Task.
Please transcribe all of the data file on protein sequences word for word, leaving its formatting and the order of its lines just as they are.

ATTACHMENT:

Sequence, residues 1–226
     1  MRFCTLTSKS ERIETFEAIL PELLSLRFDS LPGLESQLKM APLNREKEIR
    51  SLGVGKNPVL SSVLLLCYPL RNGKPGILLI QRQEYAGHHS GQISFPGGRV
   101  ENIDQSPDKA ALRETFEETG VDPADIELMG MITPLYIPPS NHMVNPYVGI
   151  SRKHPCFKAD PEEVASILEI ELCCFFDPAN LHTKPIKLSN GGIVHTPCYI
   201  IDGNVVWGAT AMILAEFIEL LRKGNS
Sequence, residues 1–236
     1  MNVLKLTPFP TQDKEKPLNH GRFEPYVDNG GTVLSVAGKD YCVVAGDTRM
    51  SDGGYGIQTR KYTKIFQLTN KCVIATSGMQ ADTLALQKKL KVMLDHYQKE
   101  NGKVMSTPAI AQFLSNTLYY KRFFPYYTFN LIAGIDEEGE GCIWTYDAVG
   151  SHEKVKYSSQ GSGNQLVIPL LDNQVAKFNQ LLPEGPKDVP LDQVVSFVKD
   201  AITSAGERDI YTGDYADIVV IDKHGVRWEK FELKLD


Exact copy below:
Sequence, residues 1–226
     1  MRFCTLTSKS ERIETFEAIL PELLSLRFDS LPGLESQLKM APLNREKEIR
    51  SLGVGKNPVL SSVLLLCYPL RNGKPGILLI QRQEYAGHHS GQISFPGGRV
   101  ENIDQSPDKA ALRETFEETG VDPADIELMG MITPLYIPPS NHMVNPYVGI
   151  SRKHPCFKAD PEEVASILEI ELCCFFDPAN LHTKPIKLSN GGIVHTPCYI
   201  IDGNVVWGAT AMILAEFIEL LRKGNS
Sequence, residues 1–236
     1  MNVLKLTPFP TQDKEKPLNH GRFEPYVDNG GTVLSVAGKD YCVVAGDTRM
    51  SDGGYGIQTR KYTKIFQLTN KCVIATSGMQ ADTLALQKKL KVMLDHYQKE
   101  NGKVMSTPAI AQFLSNTLYY KRFFPYYTFN LIAGIDEEGE GCIWTYDAVG
   151  SHEKVKYSSQ GSGNQLVIPL LDNQVAKFNQ LLPEGPKDVP LDQVVSFVKD
   201  AITSAGERDI YTGDYADIVV IDKHGVRWEK FELKLD